By: Bishop Paul S. Loverde
Given by Arlington Bishop Paul S. Loverde for the Solemnity of Saints Peter and Paul at Saint Jude Syro-Malabar Church in Centreville.
I treasure a small icon given to me as a gift, depicting Saints Peter and Paul embracing one another. Their embrace reveals their unity or one-ness of faith in the Lord Jesus and of love for Him and His Church. Indeed, they were one, yet very diverse in their temperaments, talents and roles of service within the Church. Nonetheless, each one — Saint Peter and Saint Paul — is clearly a model for us to imitate as we travel together, disciples of Christ Jesus united in faith and in love.
Saint Peter is also the source of unity in leadership within the Church. In response to his profession of faith, the Lord Jesus clearly announced: “… and so I say to you, you are Peter, and upon this rock I will build my Church, and the gates of the netherworld shall not prevail against it. I will give you the keys to the Kingdom of heaven. Whatever you bind on earth shall be bound in heaven; and whatever you loose on earth shall be loosed in heaven.” By these words, the Lord Jesus appointed and confirmed Saint Peter to be the visible head of the Church, His Vicar on earth, the first among equals within the College of Apostles.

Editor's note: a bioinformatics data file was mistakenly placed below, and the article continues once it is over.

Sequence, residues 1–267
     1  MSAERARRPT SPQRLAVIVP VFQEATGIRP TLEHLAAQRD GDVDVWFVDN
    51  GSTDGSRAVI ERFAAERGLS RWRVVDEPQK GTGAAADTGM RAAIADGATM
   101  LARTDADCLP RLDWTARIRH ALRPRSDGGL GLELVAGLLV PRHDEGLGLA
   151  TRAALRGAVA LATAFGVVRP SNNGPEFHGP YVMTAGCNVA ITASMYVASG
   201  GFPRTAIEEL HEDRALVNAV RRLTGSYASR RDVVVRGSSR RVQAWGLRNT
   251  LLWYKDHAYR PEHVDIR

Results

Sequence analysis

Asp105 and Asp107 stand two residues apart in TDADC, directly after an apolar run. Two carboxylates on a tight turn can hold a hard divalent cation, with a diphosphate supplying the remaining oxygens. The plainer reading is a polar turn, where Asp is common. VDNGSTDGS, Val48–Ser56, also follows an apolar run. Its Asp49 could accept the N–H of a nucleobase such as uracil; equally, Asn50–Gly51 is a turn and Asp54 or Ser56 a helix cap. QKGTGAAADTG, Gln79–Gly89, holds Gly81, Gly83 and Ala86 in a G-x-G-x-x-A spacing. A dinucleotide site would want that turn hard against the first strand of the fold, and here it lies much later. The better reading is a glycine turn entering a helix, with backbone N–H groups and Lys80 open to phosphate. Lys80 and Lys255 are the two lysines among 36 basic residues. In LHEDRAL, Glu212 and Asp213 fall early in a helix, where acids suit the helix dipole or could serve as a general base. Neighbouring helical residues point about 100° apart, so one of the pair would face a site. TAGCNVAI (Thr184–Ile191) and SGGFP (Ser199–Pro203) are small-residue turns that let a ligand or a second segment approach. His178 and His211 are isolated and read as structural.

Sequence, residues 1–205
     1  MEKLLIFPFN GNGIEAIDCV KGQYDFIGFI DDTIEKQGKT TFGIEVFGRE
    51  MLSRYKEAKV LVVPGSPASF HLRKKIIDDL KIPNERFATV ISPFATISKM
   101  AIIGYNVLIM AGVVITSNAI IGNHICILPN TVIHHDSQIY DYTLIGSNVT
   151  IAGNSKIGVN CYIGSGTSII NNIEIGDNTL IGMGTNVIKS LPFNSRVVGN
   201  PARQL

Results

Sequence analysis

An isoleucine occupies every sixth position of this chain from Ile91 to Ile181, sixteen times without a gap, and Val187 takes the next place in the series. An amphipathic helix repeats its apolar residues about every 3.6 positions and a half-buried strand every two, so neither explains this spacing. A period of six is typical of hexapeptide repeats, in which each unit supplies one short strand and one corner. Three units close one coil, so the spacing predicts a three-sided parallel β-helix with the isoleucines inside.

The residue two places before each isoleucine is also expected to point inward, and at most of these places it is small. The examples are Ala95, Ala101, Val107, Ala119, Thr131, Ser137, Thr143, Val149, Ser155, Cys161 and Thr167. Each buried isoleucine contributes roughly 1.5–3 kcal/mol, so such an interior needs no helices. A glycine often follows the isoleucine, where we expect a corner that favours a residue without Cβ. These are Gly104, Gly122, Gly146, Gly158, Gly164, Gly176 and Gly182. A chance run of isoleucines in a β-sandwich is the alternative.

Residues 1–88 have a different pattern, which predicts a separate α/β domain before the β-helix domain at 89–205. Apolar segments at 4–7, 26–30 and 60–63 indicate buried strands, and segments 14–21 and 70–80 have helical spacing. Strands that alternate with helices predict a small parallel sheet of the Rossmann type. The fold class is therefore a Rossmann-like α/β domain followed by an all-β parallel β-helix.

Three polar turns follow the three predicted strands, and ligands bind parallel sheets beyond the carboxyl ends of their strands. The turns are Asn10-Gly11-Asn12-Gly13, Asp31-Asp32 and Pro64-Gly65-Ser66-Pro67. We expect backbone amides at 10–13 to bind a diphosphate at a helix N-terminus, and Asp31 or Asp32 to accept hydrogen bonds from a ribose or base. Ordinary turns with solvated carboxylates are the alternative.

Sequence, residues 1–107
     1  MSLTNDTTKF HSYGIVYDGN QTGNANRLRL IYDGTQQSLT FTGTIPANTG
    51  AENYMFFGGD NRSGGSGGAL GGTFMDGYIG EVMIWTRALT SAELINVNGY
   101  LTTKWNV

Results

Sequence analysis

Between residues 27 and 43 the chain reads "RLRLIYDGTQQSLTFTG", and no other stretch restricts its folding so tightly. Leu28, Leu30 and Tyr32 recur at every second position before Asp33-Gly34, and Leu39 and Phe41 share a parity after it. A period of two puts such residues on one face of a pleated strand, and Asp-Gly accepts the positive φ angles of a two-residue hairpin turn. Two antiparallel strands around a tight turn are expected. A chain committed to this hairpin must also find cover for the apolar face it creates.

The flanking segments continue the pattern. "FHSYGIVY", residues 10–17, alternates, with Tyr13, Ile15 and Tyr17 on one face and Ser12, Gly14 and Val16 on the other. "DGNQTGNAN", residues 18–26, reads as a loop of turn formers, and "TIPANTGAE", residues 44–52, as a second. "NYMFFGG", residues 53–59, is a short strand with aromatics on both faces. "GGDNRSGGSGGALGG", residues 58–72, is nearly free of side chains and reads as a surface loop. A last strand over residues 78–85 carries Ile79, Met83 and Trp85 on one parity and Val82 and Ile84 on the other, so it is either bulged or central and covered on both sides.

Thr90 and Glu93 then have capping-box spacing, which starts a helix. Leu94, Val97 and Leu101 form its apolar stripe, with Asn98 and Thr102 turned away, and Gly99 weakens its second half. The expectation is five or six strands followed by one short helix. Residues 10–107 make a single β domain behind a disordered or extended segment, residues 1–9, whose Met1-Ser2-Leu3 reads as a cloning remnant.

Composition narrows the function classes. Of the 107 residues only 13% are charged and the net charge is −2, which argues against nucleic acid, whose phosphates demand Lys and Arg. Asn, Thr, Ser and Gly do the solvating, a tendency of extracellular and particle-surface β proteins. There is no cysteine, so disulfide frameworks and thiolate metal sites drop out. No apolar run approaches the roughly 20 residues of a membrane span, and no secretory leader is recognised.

This role of leadership has continued down through the centuries; each successor of Saint Peter, the one who is the Bishop of Rome, the one we call “Holy Father” or “Pope”: he is the visible sign of unity in leadership within the Church Universal. Authentic disciples of Jesus Christ are united fundamentally by their communion with Saint Peter’s successor.
Saint Peter is likewise the source of unity among all Christ’s disciples: forming as they do the Universal Church as well as forming a particular diocesan Church. This unity is achieved through the union of each diocesan Church with the Church of Rome and all the other diocesan Churches. Every Eucharistic Prayer expresses this communion when it directly and clearly prays for unity between Francis our Pope and Paul our Bishop, by the members of the Arlington Diocese, or Jacob our Bishop, by the members of your Syro-Malabar Catholic Diocese of Chicago.